SEC Sues Three in Stan Lee Stock Fraud Case
Reuters - The U.S. Securities and Exchange Commission on Wednesday said it has sued three people for manipulating the stock of Stan Lee Media, an online entertainment company founded by the comic book legend that collapsed in late 2000.
In a statement, the SEC said it sued company co-founder Peter Paul, senior operations executive Stephen Gordon and stock broker Jeffrey Pittsburg in federal court in Los Angeles.
The lawsuit alleges that between early October and late November of 2000, they manipulated the market for the company's stock. The three also face criminal charges in New York for securities fraud.
Stan Lee, one of the figures behind Spider-Man and a number of other comic superheroes, is now involved with another public company, POW! Entertainment, as its chief creative officer. He was not implicated in the SEC probe of Stan Lee Media.
Gordon, without admitting or denying guilt, has agreed to a settlement that bars him from future violations of securities laws and from serving as an officer or director of a public company. Last August he was sentenced to 6-1/2 years in federal prison after convictions in Los Angeles on charges of wire and bank fraud for writing bad checks to buy Stan Lee Media stock.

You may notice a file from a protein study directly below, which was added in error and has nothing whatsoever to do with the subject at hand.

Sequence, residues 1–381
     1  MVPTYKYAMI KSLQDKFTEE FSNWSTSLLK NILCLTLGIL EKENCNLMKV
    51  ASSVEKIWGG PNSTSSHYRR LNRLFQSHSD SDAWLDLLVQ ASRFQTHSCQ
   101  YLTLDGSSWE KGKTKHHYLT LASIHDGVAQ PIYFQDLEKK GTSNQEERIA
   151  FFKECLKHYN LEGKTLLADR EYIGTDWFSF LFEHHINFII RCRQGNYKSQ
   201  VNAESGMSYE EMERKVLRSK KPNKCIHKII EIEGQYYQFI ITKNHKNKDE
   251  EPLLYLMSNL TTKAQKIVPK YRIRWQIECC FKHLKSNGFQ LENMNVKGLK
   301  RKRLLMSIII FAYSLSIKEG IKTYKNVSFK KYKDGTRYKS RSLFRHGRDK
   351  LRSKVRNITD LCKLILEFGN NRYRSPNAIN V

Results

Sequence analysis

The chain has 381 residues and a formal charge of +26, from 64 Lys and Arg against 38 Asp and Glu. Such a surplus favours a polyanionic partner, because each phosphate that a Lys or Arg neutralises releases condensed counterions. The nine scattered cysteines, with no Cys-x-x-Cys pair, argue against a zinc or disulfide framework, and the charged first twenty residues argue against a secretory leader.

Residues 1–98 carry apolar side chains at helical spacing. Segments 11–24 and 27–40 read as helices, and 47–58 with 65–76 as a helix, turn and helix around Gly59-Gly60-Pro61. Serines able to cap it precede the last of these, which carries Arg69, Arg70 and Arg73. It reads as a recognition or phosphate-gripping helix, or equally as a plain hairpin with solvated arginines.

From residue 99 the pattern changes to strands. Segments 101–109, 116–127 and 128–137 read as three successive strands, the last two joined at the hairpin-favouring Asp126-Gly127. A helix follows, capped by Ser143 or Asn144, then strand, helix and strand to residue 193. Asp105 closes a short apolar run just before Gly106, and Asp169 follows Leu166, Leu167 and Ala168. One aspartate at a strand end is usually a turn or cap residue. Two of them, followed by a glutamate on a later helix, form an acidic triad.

An attorney for Paul was not immediately available to comment. An attorney for Pittsburg said he had not yet reviewed the complaint with his client and could not comment.
The SEC said that Paul and Gordon tried to buy Stan Lee Media stock with bad checks and sold stock at below-market prices, while Pittsburg tried to influence the price of the stock with late purchase orders and tried to use an electronic trading platform to disguise the source of the demand.
The commission said it was seeking orders barring the three from future violations of securities laws and forcing Pittsburg to disgorge his income from the arrangement.